BORN 2 Dec 1909, Rheinscheidt bei Düren, Nordrhein-Westfalen - DIED 13 Apr 1955, München, Bayern|
REAL NAME Schmitz, Sybille Maria Christina
GRAVE LOCATION München, Bayern: Ostfriedhof, St.-Martins-Platz 1 (166b-U-32 (ashes))
Sybille Schmitz grew up in Cologne where she went to trading school when she was fourteen. She took a job to enable her to take acting lessons and the famous actress Louise Dumont allowed her to enter the acting school in Cologne in the middle of a semester. But after a short time she stopped her studies because she wanted to experience the theatre world in practice. She went to Berlin where she was engaged at the Kammerspiele of the Deutschen Theater. From 1928 onwards she played small parts there.
She also appeared in movies. In 1932 she attracted attention with her part in Carl Theodor Dreyers movie "Vampire". Her next movie "F.P.1 antwortet nicht" (1932, with Hans Albers) made her famous. During the mid thirties she was one of the leading actresses in Germany. She lived for a few years with director Frank Wysbar. He was an alcoholic and she started to consume more alcohol herself as well.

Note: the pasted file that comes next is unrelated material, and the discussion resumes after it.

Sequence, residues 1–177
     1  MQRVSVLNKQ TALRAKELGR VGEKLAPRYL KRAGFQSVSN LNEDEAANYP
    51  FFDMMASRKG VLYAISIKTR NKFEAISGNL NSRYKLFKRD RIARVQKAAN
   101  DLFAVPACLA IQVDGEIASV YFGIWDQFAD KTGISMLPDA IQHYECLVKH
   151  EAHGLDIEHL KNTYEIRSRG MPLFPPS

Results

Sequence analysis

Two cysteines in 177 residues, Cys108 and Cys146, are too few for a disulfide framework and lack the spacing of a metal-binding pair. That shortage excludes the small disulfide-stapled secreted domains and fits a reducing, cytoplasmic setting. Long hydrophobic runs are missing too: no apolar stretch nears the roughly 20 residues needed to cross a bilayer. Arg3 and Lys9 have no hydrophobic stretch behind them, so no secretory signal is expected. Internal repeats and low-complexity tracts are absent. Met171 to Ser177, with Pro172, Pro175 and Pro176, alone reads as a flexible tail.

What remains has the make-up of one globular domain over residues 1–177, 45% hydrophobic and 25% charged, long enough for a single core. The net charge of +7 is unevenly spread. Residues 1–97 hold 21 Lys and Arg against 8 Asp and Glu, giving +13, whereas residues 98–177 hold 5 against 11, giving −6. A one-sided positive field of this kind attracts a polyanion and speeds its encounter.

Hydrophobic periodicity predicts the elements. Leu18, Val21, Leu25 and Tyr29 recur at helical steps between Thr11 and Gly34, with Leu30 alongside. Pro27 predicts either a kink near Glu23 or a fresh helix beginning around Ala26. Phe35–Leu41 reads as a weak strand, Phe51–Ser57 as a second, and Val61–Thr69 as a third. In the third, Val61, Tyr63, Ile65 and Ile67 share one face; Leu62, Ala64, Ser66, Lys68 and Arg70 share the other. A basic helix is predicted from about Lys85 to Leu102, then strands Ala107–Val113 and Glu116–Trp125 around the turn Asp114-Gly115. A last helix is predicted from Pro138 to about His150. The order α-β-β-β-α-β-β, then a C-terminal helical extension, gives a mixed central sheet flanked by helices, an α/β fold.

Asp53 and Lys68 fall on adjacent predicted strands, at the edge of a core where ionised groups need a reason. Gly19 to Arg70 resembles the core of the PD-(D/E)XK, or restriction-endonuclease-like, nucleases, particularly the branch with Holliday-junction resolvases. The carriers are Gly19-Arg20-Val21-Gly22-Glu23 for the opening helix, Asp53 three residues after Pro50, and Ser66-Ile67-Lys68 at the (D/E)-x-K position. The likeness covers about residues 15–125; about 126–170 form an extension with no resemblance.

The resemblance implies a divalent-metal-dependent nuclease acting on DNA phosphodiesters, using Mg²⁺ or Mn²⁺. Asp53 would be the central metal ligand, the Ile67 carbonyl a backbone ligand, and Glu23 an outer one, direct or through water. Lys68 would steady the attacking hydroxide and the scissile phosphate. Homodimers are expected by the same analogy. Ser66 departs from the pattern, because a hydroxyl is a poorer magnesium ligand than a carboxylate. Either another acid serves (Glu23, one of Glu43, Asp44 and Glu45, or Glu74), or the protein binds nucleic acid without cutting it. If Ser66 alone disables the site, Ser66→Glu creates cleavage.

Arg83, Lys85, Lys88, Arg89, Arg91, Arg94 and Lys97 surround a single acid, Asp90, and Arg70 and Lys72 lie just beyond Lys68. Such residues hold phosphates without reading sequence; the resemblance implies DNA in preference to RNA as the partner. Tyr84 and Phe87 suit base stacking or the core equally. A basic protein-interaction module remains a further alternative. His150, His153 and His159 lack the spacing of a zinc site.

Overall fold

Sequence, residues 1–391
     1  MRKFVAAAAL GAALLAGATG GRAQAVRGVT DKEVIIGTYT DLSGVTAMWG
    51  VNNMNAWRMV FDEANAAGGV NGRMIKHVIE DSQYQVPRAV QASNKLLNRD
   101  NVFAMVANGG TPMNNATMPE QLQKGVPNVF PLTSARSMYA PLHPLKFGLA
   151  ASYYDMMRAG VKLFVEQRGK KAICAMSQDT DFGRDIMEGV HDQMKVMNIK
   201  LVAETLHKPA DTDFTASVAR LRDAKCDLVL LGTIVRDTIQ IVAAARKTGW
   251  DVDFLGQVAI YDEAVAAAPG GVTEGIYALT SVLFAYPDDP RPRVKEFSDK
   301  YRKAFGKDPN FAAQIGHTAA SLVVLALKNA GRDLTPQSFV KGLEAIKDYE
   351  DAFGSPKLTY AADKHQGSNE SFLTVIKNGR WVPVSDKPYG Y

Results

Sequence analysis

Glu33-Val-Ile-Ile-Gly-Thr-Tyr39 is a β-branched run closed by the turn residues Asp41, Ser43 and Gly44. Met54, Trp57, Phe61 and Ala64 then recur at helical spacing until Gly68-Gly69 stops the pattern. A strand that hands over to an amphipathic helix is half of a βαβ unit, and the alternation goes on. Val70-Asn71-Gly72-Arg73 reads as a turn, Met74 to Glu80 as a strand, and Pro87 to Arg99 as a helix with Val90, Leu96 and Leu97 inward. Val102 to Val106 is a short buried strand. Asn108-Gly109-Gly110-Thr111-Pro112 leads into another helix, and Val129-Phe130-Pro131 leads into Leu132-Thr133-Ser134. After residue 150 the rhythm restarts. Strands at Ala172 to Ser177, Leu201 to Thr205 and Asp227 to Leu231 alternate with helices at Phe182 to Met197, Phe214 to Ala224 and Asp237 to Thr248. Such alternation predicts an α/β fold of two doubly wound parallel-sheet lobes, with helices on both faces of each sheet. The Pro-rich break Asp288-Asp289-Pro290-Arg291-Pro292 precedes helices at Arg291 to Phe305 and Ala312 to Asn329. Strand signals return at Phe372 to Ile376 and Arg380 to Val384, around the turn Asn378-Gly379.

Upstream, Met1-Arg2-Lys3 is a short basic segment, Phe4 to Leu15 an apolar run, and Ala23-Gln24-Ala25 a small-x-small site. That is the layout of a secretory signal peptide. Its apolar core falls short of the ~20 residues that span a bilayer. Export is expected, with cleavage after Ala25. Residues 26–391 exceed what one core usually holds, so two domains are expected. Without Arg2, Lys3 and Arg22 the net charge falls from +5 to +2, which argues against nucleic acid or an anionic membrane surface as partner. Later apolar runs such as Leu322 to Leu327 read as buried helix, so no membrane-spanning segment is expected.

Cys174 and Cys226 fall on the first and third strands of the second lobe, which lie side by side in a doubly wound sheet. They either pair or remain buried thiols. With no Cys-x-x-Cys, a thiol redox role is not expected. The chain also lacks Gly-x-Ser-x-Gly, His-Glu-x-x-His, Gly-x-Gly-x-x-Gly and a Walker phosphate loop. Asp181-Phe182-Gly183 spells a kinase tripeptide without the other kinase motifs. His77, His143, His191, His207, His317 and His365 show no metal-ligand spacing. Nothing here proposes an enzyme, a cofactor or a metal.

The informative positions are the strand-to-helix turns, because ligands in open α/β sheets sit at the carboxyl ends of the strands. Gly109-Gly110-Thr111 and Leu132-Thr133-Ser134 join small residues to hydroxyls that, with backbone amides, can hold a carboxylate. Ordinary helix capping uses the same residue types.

After the nazis came to power it became harder for her to find parts that suited her, although "Tanz auf dem Vulkan" (1938) was in that category. She had married the author Harald G. Petersson and they full lived in Krimml, Austria after his house in Berlin was bombed. In 1943 she played in "Titanic", but that movie was forbidden by the nazis and again in 1950 by the allies.
She was still offered well paid parts, but artistically she didn't like them. She started to play in small theaters. One of them was the atelier theatre of Beate von Molo. She started an affair with Beate that - together with her heavy drinking - resulted in a separation from Petersonn.
In 1953 she fell seriously ill and was treated by Dr. Ursula Moritz and her housekeeper Klara Schweikhardt. They controlled her life and decided who had access to her. She became even more dependent on alcohol and drugs and sold whatever she had to pay for them. Olga Tschechowa offered her a free treatment by her company to help her restore her looks, but she refused because she considered herself beyond help.
In 1955 she ended her life by taking an overdose of sleeping pills. She died in a hospital in Munich and Olga Tschechowa, Winnie Markus, Rudolf Vogel, and Erich Pommer were all at her funeral. Petersson wasn't. Dr. Moritz was put on trial for her part in Sybille's death, but she was acquitted. Fassbinder based his "Die Sehnsucht der Veronika Voss" (1981) on the last part of her life.
was the lover of Molo, Beate von
Scheibmayr, Erich, Letzte Heimat, Persönlichkeiten in Münchner Friedhöfen 1784-1984, Scheibmayr Verlag, München, 1985